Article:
But it was in the incongruous location of the No1 exhibition hall at the railway station that had once hosted the Orient Express that Rumi came to life. Here members of the Galatta Lodge of the Mevlevi Sufi Order were to perform their ritual, circling dance: the famous 'whirling dervishes'.

I confess an element of scepticism played within me: was this to be transcending ritual or public performance? Could the two be combined? The music began, haunting, repetitive refrains, seeking to tease you out of thought as 'doth eternity'. The dancers appeared, concentrated yet subtly aware of their audience. My scepticism, ebbing to the music as it was, held sway. Until in the dance, you slowly witnessed transformation. It was more remarkable and convincing for being a gradation between the barely transformed, yet yearning, self-consciousness of the youngest dancer to the complete absorption of the eldest.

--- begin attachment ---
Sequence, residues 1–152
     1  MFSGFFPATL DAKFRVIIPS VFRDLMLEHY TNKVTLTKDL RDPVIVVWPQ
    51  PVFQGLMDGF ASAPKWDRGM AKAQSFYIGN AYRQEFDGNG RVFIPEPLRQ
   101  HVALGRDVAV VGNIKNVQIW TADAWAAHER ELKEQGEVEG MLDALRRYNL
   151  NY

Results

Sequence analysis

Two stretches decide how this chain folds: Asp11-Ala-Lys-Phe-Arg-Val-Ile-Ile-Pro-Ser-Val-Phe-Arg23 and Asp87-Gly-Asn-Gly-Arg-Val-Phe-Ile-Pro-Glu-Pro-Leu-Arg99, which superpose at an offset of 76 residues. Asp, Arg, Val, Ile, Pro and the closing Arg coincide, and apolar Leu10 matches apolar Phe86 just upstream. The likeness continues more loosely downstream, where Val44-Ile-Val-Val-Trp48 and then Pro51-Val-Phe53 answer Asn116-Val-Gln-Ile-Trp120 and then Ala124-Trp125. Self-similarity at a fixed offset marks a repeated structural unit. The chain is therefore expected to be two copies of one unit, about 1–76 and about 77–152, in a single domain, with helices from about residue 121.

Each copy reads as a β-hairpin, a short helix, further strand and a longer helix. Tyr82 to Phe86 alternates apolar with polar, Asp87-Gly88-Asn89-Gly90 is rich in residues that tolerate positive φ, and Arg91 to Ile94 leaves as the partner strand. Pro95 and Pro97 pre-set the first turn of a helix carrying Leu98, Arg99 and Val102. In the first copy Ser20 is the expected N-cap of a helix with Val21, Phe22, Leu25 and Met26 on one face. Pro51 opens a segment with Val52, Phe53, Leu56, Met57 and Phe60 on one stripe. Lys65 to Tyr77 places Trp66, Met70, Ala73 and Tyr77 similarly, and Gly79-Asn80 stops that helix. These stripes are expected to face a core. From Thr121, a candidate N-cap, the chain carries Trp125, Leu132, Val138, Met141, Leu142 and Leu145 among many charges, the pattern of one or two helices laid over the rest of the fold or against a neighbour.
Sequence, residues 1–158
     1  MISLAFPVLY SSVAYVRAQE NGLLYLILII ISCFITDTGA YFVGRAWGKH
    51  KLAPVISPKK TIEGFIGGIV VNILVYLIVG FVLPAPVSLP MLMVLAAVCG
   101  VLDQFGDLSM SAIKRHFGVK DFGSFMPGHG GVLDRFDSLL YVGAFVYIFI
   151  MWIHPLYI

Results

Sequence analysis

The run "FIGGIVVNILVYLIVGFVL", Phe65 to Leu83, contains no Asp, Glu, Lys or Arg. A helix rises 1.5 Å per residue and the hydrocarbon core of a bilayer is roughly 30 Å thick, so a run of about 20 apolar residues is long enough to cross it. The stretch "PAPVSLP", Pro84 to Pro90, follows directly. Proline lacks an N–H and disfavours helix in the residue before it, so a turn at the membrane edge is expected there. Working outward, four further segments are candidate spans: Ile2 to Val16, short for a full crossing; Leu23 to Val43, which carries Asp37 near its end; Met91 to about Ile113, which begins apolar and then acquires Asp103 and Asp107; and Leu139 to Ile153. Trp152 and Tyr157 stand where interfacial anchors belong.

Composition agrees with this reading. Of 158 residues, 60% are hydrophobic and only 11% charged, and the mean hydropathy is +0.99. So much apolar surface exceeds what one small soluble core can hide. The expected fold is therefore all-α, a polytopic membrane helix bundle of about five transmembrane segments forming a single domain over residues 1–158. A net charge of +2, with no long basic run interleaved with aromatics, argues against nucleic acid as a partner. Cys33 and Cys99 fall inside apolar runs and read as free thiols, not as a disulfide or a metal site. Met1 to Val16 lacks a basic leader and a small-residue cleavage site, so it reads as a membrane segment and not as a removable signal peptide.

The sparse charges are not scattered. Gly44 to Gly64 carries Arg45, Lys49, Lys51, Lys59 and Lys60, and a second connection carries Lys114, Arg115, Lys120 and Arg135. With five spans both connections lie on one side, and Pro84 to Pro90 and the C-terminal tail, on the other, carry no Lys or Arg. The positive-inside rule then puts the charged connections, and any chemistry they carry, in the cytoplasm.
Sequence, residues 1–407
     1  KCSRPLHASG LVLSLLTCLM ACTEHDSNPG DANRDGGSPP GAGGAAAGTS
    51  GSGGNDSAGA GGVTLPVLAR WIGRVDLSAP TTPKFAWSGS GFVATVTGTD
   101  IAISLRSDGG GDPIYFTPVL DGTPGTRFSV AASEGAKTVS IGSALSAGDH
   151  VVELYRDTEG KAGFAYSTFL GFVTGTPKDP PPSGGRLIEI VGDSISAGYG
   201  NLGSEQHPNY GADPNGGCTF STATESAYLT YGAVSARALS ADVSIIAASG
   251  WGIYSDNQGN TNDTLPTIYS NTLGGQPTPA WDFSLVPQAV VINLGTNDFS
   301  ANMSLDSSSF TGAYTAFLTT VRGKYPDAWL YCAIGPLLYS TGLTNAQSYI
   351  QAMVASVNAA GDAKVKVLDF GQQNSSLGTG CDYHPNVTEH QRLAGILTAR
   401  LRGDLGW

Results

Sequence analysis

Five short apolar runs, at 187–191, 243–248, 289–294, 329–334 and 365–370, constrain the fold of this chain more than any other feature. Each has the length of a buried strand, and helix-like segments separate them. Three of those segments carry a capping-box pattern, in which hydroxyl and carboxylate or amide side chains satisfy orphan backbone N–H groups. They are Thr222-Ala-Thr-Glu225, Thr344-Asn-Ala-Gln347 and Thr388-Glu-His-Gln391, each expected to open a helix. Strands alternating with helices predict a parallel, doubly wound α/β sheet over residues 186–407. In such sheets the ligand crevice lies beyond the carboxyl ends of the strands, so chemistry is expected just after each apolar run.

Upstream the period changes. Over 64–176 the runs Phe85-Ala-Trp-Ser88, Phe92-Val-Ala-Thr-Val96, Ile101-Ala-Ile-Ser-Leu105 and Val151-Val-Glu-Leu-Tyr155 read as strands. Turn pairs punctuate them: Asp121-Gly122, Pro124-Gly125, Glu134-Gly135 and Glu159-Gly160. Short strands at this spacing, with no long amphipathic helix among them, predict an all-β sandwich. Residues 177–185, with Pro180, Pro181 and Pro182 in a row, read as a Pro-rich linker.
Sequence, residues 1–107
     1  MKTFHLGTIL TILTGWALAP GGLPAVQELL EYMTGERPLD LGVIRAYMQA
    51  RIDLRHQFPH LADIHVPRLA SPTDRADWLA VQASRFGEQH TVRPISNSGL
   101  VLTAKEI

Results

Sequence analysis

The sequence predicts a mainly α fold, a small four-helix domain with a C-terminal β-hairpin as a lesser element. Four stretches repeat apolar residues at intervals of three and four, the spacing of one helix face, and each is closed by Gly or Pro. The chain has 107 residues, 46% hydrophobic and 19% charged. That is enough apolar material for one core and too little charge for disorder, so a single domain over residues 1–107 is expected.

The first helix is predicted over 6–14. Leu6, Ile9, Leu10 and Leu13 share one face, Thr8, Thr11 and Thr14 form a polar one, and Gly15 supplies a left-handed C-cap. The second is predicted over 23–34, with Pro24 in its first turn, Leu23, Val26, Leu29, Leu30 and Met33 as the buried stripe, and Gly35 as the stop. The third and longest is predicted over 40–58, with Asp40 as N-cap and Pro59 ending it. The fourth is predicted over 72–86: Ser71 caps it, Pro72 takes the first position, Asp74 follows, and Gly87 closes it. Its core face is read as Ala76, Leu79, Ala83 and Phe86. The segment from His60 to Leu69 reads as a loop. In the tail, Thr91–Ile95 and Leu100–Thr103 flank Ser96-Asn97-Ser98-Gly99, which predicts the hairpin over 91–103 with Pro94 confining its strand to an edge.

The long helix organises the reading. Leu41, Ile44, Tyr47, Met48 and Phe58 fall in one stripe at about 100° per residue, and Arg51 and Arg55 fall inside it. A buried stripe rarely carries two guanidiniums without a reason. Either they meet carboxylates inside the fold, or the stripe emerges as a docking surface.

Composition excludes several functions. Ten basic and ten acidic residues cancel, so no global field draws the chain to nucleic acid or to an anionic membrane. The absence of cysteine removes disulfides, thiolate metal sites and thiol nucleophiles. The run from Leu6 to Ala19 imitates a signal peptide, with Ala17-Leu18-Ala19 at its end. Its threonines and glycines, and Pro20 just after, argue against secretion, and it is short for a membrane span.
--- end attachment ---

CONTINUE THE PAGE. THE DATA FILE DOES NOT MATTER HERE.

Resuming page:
The eldest was transformed in his meditation, allowing the breaking in of a new world that is always present in this one for those with ears to hear, eyes to see, souls to dance. He glowed with transfiguration.

The ritual ended. This world rolled back into its place. The gate into the garden closed. Yet I had seen, glimpsed, an invitation to join the dance.

These poems invite us on that self-same journey from tentative yearning for the divine turned to holy desire, from a homeless, distracted soul toward our fulfillment in beholding the Friend, the face of the Beloved and dwelling there: our true home.

We are asked to step out of the everyday 'world of dust' and dance through an ascending hierarchy of gardens that restores one's soul to the heart; the heart to the spirit; and, in finding spirit, transcending all, remembering that we 'are the King's falcon/a spark of the Beloved/a divine wonder'!